CUSTOMS BONDED WAREHOUSE — A secured facility supervised by customs authorities, where dutiable landed imports are stored pending their re-export, or release on assessment and payment of import duties, taxes, and other charges.
CUSTOMS BROKER — An individual who clears goods through customs barriers for importers and exporters. This involves the preparation of documents and/or electronic submissions; the calculation and payment of taxes, duties and excises; and facilitating communication between government authorities and importers and exporters.
DEMURRAGE — A penalty for exceeding free time allowed for loading or unloading at a pier or freight terminal. Also a charge for undue detention of transportation equipment or carriers in port while loading or unloading.
DEVANNING — The process in which a landed container is unsealed and all its contents are taken out. Also called stripping or unstuffing of the container. Devanning is one of the most demanding tasks of the logistics process.
DISTRIBUTION CENTER — A specialized facility where goods are loaded, unloaded, processed and redistributed to retailers, wholesalers or consumers.
DIVERSION — A change made in the route of a shipment in transit.
D.O.T. — Department of Transportation.
DRAYAGE — Transportation of freight between a cargo facility terminal and a customer's facility.
DOOR-TO-DOOR — Retail drayage involving over-the-road movement of a unit to a customer location.
DROP & PULL — The dropping of a loaded or empty intermodal unit by a drayman at a shipper or receiver, hooking it up to another unit which was previously dropped and returning it to the ramp.
DROP YARD — This is a small area of land that trucking companies own and allows for drivers to park their trucks and trailers on it. Dry Freight Non-liquid.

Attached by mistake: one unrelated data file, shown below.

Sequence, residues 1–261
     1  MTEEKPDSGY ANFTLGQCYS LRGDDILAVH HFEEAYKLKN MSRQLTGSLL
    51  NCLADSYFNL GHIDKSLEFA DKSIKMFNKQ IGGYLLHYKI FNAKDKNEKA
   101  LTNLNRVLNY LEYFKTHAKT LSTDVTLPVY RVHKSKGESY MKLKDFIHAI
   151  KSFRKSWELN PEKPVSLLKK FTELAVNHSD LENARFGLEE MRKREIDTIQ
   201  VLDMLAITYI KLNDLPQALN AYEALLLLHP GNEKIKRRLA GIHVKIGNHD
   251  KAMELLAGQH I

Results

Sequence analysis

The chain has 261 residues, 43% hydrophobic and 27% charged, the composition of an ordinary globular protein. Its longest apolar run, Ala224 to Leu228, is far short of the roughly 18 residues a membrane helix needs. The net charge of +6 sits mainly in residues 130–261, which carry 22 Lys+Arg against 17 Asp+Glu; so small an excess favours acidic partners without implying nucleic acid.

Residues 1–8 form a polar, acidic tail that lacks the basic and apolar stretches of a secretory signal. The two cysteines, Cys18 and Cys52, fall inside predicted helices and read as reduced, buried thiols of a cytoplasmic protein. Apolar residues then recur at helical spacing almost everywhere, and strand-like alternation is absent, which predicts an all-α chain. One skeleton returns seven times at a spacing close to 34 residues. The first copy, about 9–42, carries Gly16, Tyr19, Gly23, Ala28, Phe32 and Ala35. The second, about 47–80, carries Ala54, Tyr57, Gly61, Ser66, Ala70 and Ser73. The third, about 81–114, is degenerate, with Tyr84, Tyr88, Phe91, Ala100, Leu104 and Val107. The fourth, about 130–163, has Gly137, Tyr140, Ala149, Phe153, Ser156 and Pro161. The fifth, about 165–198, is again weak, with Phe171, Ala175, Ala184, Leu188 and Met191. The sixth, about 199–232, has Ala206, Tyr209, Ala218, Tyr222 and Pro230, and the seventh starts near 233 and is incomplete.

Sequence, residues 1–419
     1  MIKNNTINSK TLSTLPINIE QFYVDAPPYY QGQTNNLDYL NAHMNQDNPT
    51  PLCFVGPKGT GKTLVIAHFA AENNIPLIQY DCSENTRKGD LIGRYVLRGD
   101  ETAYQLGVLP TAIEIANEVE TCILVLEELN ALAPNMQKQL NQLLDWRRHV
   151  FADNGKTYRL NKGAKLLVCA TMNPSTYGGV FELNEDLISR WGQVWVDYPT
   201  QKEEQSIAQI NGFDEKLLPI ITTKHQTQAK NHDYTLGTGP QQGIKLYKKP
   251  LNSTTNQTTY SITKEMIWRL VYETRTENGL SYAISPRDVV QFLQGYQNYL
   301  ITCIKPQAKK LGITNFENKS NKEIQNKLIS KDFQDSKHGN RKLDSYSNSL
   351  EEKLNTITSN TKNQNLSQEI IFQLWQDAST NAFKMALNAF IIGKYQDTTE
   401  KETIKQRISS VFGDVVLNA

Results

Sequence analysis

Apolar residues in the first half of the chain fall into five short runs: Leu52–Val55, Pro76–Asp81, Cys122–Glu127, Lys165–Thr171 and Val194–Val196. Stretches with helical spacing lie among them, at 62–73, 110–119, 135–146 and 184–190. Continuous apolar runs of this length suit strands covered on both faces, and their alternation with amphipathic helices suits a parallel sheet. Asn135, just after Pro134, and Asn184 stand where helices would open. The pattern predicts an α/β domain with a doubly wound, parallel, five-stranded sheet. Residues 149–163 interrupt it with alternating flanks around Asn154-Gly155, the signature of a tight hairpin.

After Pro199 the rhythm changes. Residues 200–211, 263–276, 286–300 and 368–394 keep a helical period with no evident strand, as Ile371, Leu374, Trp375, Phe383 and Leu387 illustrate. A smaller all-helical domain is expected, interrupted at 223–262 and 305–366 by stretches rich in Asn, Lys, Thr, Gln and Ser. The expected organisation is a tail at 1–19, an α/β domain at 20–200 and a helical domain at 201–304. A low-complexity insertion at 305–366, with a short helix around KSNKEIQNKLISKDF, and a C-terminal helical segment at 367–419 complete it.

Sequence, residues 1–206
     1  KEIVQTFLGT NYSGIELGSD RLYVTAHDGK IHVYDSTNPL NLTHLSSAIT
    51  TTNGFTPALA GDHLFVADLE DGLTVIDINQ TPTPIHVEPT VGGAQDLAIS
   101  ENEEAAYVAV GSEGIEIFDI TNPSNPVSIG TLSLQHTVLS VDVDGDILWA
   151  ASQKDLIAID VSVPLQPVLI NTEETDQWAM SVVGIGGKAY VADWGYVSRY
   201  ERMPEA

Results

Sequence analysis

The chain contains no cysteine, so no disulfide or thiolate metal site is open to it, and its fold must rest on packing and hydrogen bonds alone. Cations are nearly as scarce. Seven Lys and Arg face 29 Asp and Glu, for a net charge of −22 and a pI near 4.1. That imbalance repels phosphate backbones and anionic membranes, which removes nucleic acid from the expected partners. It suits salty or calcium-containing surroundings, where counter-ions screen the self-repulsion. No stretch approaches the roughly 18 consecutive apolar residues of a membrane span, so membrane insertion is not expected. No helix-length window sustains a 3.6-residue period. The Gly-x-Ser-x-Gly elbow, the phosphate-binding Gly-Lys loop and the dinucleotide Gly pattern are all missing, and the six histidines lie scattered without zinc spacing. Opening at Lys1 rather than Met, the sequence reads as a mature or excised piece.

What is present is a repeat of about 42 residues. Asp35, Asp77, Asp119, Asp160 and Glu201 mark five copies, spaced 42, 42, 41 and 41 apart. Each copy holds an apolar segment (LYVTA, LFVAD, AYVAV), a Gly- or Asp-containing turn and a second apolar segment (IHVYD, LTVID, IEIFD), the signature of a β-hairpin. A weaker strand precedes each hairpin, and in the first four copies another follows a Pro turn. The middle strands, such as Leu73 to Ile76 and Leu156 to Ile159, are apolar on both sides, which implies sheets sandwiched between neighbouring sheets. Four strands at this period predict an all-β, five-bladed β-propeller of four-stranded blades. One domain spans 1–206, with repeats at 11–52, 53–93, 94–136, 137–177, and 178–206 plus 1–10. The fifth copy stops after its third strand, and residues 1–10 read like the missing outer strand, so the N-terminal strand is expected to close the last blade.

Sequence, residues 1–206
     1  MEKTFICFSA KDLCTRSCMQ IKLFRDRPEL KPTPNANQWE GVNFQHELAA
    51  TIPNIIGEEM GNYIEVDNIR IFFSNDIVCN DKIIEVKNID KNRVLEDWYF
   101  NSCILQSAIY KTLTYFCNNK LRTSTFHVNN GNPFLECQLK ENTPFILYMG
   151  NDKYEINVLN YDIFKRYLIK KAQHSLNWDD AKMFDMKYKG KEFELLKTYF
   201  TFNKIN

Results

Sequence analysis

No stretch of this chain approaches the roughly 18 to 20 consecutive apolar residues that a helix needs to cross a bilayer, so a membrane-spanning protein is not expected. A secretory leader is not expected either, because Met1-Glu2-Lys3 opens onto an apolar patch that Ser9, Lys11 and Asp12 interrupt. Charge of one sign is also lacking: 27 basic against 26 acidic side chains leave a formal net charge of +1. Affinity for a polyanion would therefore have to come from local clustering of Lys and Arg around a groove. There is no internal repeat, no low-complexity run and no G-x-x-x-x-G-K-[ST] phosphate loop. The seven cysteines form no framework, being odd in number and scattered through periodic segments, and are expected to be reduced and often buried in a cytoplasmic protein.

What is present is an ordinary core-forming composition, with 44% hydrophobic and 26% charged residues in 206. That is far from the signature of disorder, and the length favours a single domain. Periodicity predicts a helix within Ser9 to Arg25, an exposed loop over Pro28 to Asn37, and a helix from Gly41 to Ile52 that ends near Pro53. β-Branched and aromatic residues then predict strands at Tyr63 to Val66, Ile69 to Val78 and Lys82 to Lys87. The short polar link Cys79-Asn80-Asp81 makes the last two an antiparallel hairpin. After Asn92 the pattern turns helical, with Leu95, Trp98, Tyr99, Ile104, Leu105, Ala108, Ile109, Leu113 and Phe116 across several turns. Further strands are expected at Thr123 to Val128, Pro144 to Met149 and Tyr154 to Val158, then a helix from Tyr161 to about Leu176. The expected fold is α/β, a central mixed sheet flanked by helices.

DRY VAN — An enclosed non-climate-controlled rectangular trailer designed to carry general cargo. Also known as a trailer.
DUTY — A payment levied on the import, export, manufacture, or sale of goods.
DUNNAGE — The material used to protect or support freight in containers or trailers.
ELECTRONIC DATA INTERCHANGE (EDI) — The process of sending and retrieving information electronically, i.e., bills of lading, freight bills, etc.
EXPORT — To send goods and services to another country.
FULL CONTAINER LOAD (FCL) — Quantity of cargo, which fills a shipping container to capacity, either by weight or cubic measurement.
FLAT RACK — A piece of intermodal equipment used to transport items too large to fit inside a box.
FLATBED — A trailer with a main deck that is free of walls or ceiling constraints accommodating a wide variety of unusually sized freight.
FORKLIFT — This basic piece of equipment is limited to handling only loaded 20-foot containers or empty containers of other dimensions.
FOREIGN TRADE ZONE (FTZ) — An isolated policed area adjacent to a port of entry where foreign goods may be unloaded for immediate transshipment or stored, repacked, sorted, mixed, or otherwise manipulated without being subject to import duties.
FREE TIME — Period between the time a ship is ready to load or discharge, having given notice of readiness, and the time that laytime commences in accordance with the Charter-Party, during which the carterer or receiver is not obliged to load or discharge. It is important to make provision in the Charter-Party for the effect of laytime should the charter or receiver elect to load or discharge during this period.
FREE TRADE ZONE — A port designated by the government of a country for duty-free entry of any non-prohibited goods. Merchandise may be stored, displayed, used for manufacturing, etc., within the zone and re-exported without duties.
FREIGHT FORWARDER — An individual or company who assembles small shipments into one large shipment which is then tendered to a regulated for-hire carrier. Upon reaching destination, the shipment is separated into small shipments and delivered.
FREIGHT OF ALL KINDS (FAK) — A shipping classification usually referring to three or more different commodities shipped as a single freight class.
HAZ MAT — An industry abbreviation for "Hazardous Material."